The debris of a Chinese missile crashes into the ground this weekend

A missile launched from China was launched into orbit on April 29. After its successful mission to take the first components of a future Chinese space station into space, the spacecraft ran out of fuel and returned to Earth’s atmosphere out of control.

The Pentagon tracks a missile during its orbits around the planet, which occur every 90 minutes. It is expected to enter the Earth’s atmosphere again uncontrollably this weekend, which puts it at risk of collapsing into a populated area.

Pentagon spokesman John Kirby said that US Defense Secretary Lloyd Austin “has been informed and knows that Space Command is literally tracking missile debris.”

China on Thursday launched the first of three components of its space station, CSS, which was powered by a Long March 5B rocket. It’s the body of this missile that will land in the next few days, and nobody knows where.

It is almost the body of the missile, if I understand correctly. “It is almost unchanged,” he said, explaining in detail that a return to the atmosphere is scheduled “on Saturday.

After separating the space unit, the launcher began to orbit the planet in an irregular path, slowly losing its height, making it nearly impossible to predict about its entry point into the atmosphere, and thus its fall point.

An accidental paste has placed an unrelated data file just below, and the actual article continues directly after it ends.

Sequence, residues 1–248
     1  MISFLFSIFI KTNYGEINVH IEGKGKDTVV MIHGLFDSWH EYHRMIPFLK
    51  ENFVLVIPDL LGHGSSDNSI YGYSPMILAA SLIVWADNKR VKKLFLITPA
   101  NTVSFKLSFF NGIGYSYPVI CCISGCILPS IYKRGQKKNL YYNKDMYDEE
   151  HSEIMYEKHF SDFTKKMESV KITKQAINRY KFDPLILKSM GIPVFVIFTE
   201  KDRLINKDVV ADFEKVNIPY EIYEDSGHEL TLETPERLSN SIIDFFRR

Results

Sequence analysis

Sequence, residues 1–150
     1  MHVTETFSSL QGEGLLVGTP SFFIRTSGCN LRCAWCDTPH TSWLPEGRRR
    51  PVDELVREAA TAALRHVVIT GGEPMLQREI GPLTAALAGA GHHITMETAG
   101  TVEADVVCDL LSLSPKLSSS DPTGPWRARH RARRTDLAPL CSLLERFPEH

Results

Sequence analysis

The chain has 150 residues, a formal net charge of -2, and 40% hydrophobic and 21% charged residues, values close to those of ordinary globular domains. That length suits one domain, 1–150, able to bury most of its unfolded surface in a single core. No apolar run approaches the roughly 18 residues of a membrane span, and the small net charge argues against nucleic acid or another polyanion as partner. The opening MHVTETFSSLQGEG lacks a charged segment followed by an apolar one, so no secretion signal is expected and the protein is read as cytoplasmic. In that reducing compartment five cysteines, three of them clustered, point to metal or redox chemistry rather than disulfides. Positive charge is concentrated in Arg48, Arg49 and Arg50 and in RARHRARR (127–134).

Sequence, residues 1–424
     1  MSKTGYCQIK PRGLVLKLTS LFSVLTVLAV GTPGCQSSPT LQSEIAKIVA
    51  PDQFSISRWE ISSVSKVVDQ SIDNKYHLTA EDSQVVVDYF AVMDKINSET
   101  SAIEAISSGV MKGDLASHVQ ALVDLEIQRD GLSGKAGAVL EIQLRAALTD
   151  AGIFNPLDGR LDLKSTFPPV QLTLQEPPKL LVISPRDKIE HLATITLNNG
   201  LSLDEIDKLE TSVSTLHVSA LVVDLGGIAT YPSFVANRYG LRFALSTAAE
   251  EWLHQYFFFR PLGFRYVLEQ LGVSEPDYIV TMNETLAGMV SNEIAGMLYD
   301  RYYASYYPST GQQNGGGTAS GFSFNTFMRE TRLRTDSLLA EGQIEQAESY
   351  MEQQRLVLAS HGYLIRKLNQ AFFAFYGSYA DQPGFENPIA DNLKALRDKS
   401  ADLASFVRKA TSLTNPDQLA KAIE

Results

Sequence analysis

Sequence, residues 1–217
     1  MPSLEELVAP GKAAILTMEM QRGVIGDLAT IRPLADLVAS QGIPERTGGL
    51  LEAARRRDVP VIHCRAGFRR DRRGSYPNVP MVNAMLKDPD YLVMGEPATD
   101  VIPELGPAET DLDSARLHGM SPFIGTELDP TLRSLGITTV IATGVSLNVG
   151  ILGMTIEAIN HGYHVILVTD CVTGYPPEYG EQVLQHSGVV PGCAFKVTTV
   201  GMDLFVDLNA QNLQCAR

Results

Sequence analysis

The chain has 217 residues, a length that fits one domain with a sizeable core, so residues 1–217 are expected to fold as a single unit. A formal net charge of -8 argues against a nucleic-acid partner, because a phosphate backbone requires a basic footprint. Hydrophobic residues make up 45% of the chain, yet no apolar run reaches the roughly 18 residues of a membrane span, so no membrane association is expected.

China is not interested in the potential disintegration

It is possible that missile debris decomposes on contact with the atmosphere, leaving only small debris to collide.

But if it remains the same, as the planet is made up of 70% water, then there is a good chance the missile will fall into the sea, although it is not safe. Experts estimate that it could collide with a populated area or a ship.

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When asked about the possibility of destroying space debris if Earth’s areas are at risk, the Pentagon spokesman replied that it was “too early” to say so.

“We are watching and following it as closely as possible,” he said. “But it’s too early to know where he’s going and if there’s anything that can be done.”

So far, the Chinese space agency has not specified whether the Long March 5B missile is under control or if it will launch quickly.

There is a possibility that parts of the missile could fall to the ground, possibly in a populated area, as in May 2020, when pieces of another Chinese Long March 5B missile rained on the Ivory Coast, damaging many buildings, though This does not happen. Recorded injuries.

With information from agencies

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